“Unprecedented” is a word that has been brandished across many headlines in 2020. When the coronavirus pandemic caused widespread cancellations, shutdowns and stay-at-home orders, which quickly unraveled the economy, small businesses were devastated and their owners desperate and in need. In late March, community bankers were handed what seemed an insurmountable task: To design and implement processes to execute the U.S. Treasury and Small Business Administration’s Paycheck Protection Program. And they did, all across the country.
While this article recounts the experience of the PPP lending team at Investors Community Bank in Manitowoc, Wis., it also honors all the PPP lending teams that lit the sky the way stars do when darkness, or the absence of certainty, spreads.
The innovation and dedication to the community that defines the trade also marks community bankers with an enduring label: Hero.
Up early and at it late
In the first round of PPP funding, Investors Community Bank approved 677 loans. After a couple weeks in the second round, the count was up to 860. The $1.4 billion bank’s loan operations and credit department typically doesn’t produce 860 new loans in one year, much less one month.
In the week and a half before the first wave of PPP funding was exhausted, Cyrene Wilke started her 15-hour days before the unrushed Wisconsin sun rose. She led PPP operations, including processes, coordinating resources and researching vendor partners. She knew Lindsay Wiesner, the portfolio manager, would also be online.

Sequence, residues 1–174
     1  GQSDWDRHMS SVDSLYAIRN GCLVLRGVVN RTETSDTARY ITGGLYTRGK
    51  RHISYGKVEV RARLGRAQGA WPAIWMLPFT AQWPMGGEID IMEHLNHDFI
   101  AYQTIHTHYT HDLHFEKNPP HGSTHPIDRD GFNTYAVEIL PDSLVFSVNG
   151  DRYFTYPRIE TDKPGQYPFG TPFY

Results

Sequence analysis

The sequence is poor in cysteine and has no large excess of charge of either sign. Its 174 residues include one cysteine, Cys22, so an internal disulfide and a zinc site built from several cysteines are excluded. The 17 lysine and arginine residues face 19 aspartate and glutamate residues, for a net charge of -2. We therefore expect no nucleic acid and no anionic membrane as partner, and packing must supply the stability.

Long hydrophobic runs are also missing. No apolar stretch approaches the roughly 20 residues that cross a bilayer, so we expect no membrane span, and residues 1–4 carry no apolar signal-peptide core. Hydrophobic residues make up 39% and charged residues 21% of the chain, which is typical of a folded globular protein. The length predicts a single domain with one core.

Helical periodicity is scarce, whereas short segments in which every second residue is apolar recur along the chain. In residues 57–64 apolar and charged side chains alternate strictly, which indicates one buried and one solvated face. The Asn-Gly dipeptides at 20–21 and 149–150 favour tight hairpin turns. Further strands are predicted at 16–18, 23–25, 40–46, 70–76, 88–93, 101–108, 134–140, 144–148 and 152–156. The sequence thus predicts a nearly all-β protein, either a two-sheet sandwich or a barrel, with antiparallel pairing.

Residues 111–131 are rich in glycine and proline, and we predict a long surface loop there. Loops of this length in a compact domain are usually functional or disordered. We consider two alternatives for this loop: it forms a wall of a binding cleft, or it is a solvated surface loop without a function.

Their dawn-time instant messages were a pulsing exchange of updates from the few hours of change between days: Updating the number of applications received the night before, the reports of approvals, checking metrics, workflow and loans in the pipeline.
Sharon, do we have any new information today? Wilke would ask Sharon Slager, the bank’s governmental guaranteed lending administrator.
David, have you looked at this update? She’d follow up with Dave Coggins, chief banking officer, who was deemed the internal subject matter expert on all things PPP, interpreting the rules as they unfolded and relaying the information to the team.
Hey Karl, how’s the team doing?
Karl Spaay led the business credit team. When the squad started working remotely, Spaay had casual morning check-ups that promised the smiling faces of co-workers comfortable at home. As soon as the PPP hit, Spaay said, it became a strict state-of-affairs rundown at 8:15 a.m.
“I’d say, ‘Here’s the guidance we got last night, and this is how we’re going to handle it,’” Spaay said. “By two o’clock that afternoon, I’d have to send out another email saying, ‘Forget what I told you this morning,’ after new guidance came out.”
The first PPP loan application came in the door on Friday, funded by Saturday night; it was the first flake of what would become a mounting snowball by Monday. After a couple weeks (and a few regulatory renditions) they found out they had 10 calendar days to disperse the 677 loans from the first wave of funding.
“It was hard,” Spaay said. “It was something that we’ve never done before.” The CARES Act, which established the PPP, was passed only a week before the bank was supposed to start taking applications on April 3. Guidance for the banks was released around dinnertime on April 2. The DocuSign application was ready just in time for the launch, after its third iteration.